I note an unfortunate confusion between government measures to ban those who may allegedly “radicalise” students on university campuses – which, it is claimed, means encouraging them to support a range of views on Islam, but not revolutionary socialism – and the long-standing practice of no-platforming speakers (mostly unsuccessfully). This latter activity is never directed by the government, but comes from below, organised by opponents of those who are advertised to speak. It has been going on for as long as anything like democracy has existed in the UK, and perhaps a bit before. The government is never involved. For example, after 1945, Oswald Mosley, who believed that the wrong side had won the war, was not only left free to speak but also given police protection to do so. He did not always succeed thanks to the actions of Jewish ex-servicemen, women and others.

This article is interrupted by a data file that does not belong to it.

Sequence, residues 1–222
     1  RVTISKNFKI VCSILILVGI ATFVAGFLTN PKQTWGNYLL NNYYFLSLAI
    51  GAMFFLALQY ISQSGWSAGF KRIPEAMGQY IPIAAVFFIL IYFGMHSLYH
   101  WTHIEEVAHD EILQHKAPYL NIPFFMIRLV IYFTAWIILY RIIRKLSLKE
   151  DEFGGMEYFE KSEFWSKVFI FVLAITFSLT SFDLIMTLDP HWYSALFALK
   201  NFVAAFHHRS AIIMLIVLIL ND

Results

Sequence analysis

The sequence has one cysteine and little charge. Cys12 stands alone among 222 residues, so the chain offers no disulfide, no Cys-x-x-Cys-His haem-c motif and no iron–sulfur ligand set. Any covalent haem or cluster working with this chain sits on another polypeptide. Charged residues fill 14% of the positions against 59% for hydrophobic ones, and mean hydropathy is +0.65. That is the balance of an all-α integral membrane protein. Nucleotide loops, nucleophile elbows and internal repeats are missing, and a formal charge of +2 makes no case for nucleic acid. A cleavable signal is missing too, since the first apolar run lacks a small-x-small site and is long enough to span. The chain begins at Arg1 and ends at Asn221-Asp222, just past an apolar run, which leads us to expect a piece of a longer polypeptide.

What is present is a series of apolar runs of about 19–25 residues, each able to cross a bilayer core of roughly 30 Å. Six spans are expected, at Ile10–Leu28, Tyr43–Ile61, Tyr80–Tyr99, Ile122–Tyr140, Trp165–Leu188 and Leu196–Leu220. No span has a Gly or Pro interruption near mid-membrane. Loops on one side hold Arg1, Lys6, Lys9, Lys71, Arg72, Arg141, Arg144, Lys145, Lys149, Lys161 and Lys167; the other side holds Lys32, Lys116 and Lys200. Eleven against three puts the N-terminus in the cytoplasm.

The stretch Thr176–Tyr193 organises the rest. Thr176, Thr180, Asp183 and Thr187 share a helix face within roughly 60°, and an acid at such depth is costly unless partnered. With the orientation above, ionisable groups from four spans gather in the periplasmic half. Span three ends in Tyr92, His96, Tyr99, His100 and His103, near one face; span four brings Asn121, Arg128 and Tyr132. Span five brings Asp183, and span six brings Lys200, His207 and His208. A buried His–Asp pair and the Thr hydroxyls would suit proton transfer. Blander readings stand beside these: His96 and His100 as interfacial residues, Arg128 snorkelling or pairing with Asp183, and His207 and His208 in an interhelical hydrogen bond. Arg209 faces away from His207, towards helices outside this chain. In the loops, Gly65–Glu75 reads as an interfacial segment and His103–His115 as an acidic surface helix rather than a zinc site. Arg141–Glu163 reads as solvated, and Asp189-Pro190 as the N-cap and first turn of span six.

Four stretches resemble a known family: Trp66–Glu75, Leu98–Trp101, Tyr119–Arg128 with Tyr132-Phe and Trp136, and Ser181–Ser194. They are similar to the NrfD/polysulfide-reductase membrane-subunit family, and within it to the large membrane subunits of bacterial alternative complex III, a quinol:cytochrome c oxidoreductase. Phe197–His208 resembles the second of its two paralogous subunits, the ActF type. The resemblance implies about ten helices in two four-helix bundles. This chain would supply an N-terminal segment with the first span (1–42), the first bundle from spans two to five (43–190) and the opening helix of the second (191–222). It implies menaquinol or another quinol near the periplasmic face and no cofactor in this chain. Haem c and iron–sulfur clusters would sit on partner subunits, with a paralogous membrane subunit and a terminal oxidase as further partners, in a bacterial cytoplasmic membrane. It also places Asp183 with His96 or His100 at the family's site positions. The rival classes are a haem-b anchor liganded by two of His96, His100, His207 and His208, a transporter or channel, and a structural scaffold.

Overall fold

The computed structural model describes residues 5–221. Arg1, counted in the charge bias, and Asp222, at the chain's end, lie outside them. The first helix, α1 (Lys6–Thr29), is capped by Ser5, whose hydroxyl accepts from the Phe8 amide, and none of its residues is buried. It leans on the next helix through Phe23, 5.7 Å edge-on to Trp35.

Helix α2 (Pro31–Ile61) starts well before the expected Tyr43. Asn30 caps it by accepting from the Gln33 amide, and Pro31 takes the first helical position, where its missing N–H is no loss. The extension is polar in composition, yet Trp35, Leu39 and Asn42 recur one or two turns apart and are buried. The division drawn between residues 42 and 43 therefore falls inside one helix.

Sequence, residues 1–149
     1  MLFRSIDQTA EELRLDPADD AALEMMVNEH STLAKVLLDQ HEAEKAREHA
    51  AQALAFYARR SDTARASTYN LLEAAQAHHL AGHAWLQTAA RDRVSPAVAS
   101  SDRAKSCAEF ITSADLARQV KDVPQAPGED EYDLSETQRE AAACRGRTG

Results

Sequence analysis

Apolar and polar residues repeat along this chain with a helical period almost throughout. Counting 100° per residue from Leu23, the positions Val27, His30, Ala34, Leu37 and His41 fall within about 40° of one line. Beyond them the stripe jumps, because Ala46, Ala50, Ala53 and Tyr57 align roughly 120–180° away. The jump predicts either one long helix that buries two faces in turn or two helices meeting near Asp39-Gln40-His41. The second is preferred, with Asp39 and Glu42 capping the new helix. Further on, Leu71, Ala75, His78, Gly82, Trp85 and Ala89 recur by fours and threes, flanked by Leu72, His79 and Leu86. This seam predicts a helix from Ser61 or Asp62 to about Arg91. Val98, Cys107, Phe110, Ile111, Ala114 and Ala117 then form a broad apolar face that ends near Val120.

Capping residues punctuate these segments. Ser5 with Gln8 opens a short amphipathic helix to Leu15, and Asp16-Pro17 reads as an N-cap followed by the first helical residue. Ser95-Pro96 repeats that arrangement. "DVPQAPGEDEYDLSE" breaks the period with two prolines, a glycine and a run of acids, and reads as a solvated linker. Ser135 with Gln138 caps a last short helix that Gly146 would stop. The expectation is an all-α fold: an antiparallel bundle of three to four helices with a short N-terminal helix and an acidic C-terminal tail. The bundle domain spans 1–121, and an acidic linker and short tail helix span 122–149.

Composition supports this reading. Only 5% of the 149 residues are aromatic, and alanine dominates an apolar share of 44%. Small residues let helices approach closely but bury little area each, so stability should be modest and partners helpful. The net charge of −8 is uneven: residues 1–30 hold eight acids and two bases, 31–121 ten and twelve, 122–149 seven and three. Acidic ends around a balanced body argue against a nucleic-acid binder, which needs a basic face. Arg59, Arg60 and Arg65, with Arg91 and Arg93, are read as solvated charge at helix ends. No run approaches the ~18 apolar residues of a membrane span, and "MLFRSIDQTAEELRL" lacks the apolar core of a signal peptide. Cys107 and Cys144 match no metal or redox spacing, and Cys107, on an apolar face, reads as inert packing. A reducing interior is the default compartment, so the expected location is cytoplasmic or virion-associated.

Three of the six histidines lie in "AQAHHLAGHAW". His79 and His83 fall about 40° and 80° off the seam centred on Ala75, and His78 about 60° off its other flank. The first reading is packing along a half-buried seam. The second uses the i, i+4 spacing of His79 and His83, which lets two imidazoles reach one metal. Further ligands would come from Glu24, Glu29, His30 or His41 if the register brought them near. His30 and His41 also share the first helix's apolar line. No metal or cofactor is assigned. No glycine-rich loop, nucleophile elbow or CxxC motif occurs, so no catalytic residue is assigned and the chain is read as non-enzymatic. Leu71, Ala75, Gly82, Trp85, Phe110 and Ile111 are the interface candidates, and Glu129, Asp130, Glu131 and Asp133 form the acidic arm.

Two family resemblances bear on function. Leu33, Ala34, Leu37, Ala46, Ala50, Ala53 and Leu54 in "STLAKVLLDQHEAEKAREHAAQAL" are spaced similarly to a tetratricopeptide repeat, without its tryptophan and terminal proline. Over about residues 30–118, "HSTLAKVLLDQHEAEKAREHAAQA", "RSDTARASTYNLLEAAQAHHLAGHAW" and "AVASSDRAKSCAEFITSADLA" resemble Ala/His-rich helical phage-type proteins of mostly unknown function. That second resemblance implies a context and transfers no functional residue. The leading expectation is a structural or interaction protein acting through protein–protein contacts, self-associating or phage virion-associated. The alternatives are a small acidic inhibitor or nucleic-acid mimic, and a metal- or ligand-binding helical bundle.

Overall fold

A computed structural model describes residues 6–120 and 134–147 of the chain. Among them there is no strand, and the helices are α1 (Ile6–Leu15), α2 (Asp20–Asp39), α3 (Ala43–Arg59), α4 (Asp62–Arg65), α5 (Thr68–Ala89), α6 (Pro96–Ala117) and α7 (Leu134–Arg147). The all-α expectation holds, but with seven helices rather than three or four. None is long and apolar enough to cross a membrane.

Government bans on speakers do indeed smack of official censorship. No-platforming is just the rough and tumble of politics.
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